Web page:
Travelling with children can be both rewarding and draining. Planning ahead can make all the difference between an enjoyable or a tainted trip.Many of the rules to follow are common sense but with careful preparation you can avoid small problems turning into big issues whilst traveling. Firstly, never leave a child alone. Children do not often have the experience in dealing with new and often less safe environments.
Vaccinations need to be considered ahead of time. If your child is up to date with his/her vaccines as recommended in the childhood immunization schedule, the majority of immunizations are covered. There will be other vaccines that are recommended for certain destinations, e.g. those in the tropics and South East Asia. These include Typhoid, Hepatitis A and BCG immunizations. If malaria prophylaxis is required, get medical advice on what is appropriate. Malaria preventive medicine is available for all children except for small infants. Consideration for less common immunizations such as rabies, meningococcal and Japanese Encephalitis may be required for certain destinations. It is recommended that you discuss this with you GP prior to departure.
Out and About
Children dehydrate quickly, and can be more picky with food, so it is always a good idea to carry small snacks with you e.g. museli bars/raisins, and to have fluids available especially in the humid climates in this region. Insect protection is important, not only for malaria, but also Dengue Fever for which there is no prophylaxis. Avoidance of mosquito bites is the best way to avoid getting dengue. Use insect repellants with up to 30% DEET for the skin, clothing should cover as much skin as possible and use nets when living conditions are less than ideal in keeping out mosquitoes.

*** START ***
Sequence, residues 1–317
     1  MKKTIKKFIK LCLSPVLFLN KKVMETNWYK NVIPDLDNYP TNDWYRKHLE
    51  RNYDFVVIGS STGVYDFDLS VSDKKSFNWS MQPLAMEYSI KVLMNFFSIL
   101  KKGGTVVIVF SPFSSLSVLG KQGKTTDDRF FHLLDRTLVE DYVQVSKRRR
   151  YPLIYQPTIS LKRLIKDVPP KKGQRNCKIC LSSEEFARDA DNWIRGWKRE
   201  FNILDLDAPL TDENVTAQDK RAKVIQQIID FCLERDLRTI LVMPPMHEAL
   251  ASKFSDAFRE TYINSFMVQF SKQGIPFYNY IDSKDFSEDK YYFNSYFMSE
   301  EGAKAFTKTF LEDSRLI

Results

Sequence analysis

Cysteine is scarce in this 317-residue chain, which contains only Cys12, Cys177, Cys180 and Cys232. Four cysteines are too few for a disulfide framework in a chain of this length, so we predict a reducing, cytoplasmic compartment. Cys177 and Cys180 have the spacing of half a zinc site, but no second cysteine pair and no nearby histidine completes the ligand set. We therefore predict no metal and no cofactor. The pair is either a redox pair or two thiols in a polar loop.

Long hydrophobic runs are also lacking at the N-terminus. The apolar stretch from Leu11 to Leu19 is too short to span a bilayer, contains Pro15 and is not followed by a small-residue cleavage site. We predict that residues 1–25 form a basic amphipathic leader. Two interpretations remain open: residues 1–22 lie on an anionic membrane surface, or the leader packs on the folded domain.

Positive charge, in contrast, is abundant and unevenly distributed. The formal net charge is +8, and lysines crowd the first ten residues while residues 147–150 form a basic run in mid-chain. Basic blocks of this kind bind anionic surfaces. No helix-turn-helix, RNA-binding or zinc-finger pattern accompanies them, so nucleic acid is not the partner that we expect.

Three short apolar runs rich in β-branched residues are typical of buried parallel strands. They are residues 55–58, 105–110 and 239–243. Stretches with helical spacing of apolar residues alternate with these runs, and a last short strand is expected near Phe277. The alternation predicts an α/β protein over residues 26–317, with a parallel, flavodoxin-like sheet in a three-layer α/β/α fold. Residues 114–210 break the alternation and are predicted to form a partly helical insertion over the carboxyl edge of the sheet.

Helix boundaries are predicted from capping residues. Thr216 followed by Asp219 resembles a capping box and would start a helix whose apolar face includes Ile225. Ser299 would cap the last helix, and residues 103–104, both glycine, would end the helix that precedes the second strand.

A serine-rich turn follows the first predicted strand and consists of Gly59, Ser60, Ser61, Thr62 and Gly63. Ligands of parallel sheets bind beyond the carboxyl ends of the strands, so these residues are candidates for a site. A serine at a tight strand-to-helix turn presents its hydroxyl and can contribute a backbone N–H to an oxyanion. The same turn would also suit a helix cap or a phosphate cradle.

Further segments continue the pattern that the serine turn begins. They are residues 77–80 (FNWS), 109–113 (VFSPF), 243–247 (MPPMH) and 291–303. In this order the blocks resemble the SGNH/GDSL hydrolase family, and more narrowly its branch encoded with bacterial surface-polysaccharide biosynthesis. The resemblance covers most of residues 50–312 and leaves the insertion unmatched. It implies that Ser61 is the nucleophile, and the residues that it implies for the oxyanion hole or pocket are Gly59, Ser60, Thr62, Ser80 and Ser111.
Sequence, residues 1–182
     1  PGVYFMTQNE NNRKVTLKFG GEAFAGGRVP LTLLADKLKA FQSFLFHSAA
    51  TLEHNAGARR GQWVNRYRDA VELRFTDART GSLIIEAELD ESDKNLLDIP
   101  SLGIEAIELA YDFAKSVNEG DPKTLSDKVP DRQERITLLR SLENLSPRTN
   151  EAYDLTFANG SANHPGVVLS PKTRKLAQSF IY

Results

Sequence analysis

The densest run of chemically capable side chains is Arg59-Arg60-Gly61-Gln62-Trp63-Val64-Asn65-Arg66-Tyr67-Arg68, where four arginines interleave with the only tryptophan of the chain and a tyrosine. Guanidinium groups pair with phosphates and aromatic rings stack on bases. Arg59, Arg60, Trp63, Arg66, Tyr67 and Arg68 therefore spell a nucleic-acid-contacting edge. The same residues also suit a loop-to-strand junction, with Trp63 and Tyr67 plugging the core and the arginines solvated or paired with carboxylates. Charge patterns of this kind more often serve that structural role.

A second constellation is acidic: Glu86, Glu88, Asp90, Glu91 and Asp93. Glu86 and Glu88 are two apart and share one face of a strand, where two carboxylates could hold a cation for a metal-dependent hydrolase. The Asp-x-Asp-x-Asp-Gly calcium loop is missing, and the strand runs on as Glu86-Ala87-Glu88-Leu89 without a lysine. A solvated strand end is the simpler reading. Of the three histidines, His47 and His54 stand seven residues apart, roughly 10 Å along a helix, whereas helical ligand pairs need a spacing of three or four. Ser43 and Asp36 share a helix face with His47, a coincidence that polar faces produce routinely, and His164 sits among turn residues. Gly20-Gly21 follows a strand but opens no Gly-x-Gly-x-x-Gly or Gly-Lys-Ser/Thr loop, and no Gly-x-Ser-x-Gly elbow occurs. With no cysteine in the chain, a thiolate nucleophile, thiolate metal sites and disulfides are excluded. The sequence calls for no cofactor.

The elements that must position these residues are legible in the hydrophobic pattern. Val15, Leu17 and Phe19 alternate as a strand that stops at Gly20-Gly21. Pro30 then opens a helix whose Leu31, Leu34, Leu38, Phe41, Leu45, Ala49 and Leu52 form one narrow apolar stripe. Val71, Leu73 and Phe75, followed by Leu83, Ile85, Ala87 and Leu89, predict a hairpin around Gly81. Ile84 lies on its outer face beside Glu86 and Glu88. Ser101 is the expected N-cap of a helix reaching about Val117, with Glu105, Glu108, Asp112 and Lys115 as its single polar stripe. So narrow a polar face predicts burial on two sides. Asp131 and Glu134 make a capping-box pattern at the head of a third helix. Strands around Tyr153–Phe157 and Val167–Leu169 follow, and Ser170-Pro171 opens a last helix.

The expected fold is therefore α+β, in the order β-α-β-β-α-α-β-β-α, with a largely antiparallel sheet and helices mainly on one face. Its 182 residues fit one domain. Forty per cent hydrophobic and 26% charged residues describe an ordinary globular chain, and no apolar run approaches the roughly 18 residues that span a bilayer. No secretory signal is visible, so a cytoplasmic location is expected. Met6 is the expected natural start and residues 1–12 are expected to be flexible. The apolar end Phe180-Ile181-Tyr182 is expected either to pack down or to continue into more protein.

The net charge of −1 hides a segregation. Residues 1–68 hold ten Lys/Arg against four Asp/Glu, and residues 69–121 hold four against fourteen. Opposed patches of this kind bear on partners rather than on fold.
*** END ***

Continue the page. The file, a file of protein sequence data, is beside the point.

A medical kit is always of use and should cover a wide range of possibilities. Important items to include would be sunscreen, dressings, a thermometer, paracetamol, oral rehydration salts and anti-histamine for allergy, travel sickness and sleep.
Time to fly
Other considerations are on the flight to the holiday destination. Common concerns include problems of earache and damage to ear drums. To prevent this have your child’s eardrums examined by a doctor about a week prior to the flight as blocked Eustachian tubes are a contra-indication to air travel. At the time of the flight, give the child a decongestant medication about an hour prior to actual take-off. During take-off and especially during landing, have your child suck on a breast, bottle or a sweet, to allow equalization of the eardrum and prevent rupture. Other methods of opening the Eustachian tube include swallowing, gently blowing out against a blocked nose and closed mouth or sucking on menthol or eucalyptus sweets.
Lastly, and most importantly for the younger children is entertainment. Always ensure you have plenty of books, games and toys to amuse your younger traveling companions, especially on those long haul flights, and long train and car journeys.